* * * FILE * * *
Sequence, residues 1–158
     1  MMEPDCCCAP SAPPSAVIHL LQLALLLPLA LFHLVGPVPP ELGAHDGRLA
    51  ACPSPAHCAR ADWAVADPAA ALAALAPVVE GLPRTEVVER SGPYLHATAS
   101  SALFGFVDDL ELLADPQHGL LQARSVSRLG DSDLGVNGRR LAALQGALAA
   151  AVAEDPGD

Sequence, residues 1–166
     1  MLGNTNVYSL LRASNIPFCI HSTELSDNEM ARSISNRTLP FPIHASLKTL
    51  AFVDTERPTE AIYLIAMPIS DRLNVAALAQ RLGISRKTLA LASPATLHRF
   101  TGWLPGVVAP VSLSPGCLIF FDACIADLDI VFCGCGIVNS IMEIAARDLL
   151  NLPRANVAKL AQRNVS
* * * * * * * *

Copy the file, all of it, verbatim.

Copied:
Sequence, residues 1–158
     1  MMEPDCCCAP SAPPSAVIHL LQLALLLPLA LFHLVGPVPP ELGAHDGRLA
    51  ACPSPAHCAR ADWAVADPAA ALAALAPVVE GLPRTEVVER SGPYLHATAS
   101  SALFGFVDDL ELLADPQHGL LQARSVSRLG DSDLGVNGRR LAALQGALAA
   151  AVAEDPGD

Sequence, residues 1–166
     1  MLGNTNVYSL LRASNIPFCI HSTELSDNEM ARSISNRTLP FPIHASLKTL
    51  AFVDTERPTE AIYLIAMPIS DRLNVAALAQ RLGISRKTLA LASPATLHRF
   101  TGWLPGVVAP VSLSPGCLIF FDACIADLDI VFCGCGIVNS IMEIAARDLL
   151  NLPRANVAKL AQRNVS